One thing that +Me2 and I agree on is that a good image is one in which the viewer makes an emotional connection with the image. As I look back through the last six months of my images I wonder if I can tell the difference. What makes one image of a small plastic person look more alive than another?
Is it the tilt of a head, is it particular movement of the legs, a small gesture of the curved hand or maybe just a trick of the light? It's not like Lego is a particularly moveable, expressive toy figure. Yet some images seem alive while others just lie flat on the screen / paper.
+Me2 and I also agree on the importance of the eyes being in focus. Yet, not all the images I deem to have been successful include faces and in some the eyes are obscured. So while I know this is a part of the equation, I don't think it is the answer.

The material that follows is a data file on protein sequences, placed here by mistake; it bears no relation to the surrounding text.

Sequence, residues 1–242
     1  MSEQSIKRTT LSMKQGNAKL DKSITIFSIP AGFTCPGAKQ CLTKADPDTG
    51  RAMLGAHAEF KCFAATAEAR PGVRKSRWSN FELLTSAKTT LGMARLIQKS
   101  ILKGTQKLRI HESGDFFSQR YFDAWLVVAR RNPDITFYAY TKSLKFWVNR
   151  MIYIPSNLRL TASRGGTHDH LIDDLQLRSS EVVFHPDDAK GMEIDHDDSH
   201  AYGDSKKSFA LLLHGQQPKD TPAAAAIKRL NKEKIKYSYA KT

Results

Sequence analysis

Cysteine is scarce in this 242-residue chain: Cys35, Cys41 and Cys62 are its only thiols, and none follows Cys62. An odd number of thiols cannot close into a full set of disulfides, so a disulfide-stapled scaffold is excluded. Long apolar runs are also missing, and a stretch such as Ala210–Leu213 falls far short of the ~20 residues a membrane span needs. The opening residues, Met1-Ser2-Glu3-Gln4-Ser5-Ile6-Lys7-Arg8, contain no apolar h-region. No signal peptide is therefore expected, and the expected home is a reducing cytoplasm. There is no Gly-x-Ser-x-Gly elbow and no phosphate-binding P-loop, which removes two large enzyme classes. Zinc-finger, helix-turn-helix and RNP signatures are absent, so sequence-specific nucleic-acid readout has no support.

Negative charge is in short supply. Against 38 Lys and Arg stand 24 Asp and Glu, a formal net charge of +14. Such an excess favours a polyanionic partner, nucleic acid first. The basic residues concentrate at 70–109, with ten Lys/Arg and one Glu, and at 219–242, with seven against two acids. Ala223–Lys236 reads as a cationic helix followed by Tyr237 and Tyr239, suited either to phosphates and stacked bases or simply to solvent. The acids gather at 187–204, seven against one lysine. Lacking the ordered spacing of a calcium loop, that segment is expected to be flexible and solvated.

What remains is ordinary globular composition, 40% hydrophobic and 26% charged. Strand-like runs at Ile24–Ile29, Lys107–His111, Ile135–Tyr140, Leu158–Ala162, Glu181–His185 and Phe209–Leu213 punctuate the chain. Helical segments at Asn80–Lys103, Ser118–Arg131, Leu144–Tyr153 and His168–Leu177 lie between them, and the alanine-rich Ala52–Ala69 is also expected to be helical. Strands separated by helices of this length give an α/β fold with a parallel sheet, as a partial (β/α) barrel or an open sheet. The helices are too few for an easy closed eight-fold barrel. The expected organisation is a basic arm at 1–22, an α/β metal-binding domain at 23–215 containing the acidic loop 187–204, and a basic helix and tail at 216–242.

This may seem like an inconsequential question but I have always approached my toy photography as an attempt to "bring the toys alive". As a young girl my toys were very real to me. We chatted, they listened, they went every where with me and for lack of a better description, they were my friends. I want my viewer to feel what I feel while I document the lives of my little plastic friends.
As always some images are more successful than others and I cherish the ones that achieve that emotional element. I think I would be happy if I could crack the code and help people see how alive my little plastic friends are to me. Until I do, I will keep taking photos and hope people will connect with them as I do.
If you have any tips to help bring the toys "alive" I would love to hear them.